After moving back from STL, and living in the same 650 sq ft condo for another 7 or so months, we downsized again (in case you missed it: The House Hack that Allows us to Live for Free). Our little in-law suite seems like it’s the same square footage as our condo, but the living space is under 480 sq ft. We actually have more closet space (his and hers – mine is twice the size as his but it’s still probably smaller than the average closet) and an outdoor storage unit where we can store our bikes, and other junk that the typical person seems to accumulate. You might be wondering, if we have more storage space, won’t we make the same mistakes as before and clutter that up? No, we definitely won’t. We actually have more things to toss out. Our “storage” room (a random room between the living room and bedroom) is actually filled with stuff that we haven’t pared down since the move…it’s overwhelming. I’ve tried to organize the room, and Mr. RRR has had a go at it, although he’s a little better at organizing and sorting than I am. We have a shelf filled with items that we need to sell, donate or re-gift, along with boxes full of books and other things that we haven’t found a place to store….maybe that’s a sign (note from Mr. RRR: definitely a sign). One day soon, we’ll make some time to list those things online and make a little extra money.

Sometimes I wish I could just scrap everything and start fresh, but that would be the easy way out and not conducive to our financial goals. I know that I just need to take control and not let the items in my life control me. Luckily, I have a partner who despises clutter or having too much stuff, likely because he grew up surrounded by borderline hoarders. I need someone to continue to remind me of my motivations to get rid of those extra items that stress me out and cause clutter to my life. I’m still struggling to get to that perfect minimalist life, and I may never get there. But, there’s something so satisfying about cleaning out the house and parting ways with the unnecessary things that bring no benefit to your life, except to frustrate you and stress you because it just gets shuffled from one place to the next. I understand that minimalism isn’t for everyone, and some people not only like to have things, but still acquire them frugally, so the financial benefit of minimalism is lost on those people. For my life, I’m hopeful that I can get to the point where I’m only down to the bare necessities, but I’m still a work in progress. Maybe our next move will be even smaller….who knows?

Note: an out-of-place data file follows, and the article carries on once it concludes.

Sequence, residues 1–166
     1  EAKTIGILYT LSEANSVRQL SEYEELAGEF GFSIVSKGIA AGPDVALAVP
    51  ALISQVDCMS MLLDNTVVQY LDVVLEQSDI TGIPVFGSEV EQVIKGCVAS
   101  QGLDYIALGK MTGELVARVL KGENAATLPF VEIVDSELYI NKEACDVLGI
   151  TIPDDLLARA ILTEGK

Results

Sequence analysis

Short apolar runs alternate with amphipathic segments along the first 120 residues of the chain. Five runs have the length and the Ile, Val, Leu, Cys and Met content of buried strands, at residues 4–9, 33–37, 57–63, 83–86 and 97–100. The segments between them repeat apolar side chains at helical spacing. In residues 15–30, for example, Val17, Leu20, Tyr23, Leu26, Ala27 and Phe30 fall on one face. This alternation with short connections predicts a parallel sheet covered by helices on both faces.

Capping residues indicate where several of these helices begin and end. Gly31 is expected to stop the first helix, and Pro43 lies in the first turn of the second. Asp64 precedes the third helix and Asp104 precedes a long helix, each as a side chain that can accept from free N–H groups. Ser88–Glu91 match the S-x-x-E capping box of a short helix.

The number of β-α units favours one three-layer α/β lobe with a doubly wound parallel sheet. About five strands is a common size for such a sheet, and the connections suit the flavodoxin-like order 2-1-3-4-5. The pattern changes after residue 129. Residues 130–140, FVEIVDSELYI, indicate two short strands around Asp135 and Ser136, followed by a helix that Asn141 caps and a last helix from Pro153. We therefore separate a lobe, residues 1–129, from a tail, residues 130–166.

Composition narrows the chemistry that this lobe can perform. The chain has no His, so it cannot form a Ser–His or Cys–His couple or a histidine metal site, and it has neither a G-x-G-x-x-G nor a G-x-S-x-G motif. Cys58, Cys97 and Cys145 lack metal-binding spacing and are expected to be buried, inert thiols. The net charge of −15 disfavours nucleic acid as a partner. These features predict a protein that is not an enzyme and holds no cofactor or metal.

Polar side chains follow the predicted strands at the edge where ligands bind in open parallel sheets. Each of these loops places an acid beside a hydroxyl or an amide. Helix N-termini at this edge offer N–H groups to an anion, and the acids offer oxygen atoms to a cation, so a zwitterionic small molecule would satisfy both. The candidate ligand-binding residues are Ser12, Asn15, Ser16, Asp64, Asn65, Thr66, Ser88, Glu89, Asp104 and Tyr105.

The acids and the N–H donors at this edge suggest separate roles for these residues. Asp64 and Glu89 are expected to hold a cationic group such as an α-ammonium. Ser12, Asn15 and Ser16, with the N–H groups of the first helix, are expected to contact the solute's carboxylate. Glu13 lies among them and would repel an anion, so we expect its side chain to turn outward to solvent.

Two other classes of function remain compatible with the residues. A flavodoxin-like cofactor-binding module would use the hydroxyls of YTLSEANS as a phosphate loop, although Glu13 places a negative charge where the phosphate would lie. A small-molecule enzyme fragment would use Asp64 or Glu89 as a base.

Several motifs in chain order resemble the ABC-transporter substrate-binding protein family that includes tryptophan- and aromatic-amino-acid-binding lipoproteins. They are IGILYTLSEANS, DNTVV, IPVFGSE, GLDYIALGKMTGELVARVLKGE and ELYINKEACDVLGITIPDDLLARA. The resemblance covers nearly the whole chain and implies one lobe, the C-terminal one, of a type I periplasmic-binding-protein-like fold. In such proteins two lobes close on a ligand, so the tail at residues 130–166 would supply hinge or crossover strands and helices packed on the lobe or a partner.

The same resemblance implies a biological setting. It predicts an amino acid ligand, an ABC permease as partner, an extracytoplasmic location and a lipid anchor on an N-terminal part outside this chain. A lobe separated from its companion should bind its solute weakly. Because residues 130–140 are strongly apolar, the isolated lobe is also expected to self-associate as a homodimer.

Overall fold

“We were never meant to live life accumulating stuff. We were meant to live simply enjoying the experiences of life, the people of life, and the journey of life – not the things of life.”
― Joshua Becker, Living With Less: An Unexpected Key to Happiness

2 thoughts on “Unintentional Minimalism

  1. There’s no such thing as a “perfect” minimalistic lifestyle – it’s different for everyone! Kudos to you for the strides that you have made. Truly, less stuff = more happiness.

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    1. Thanks for the feedback! I definitely understand that there’s no such thing as a “perfect” minimalist lifestyle and that every person’s lifestyle is different. I’m striving towards my perfect lifestyle, even if it’s always a work in progress.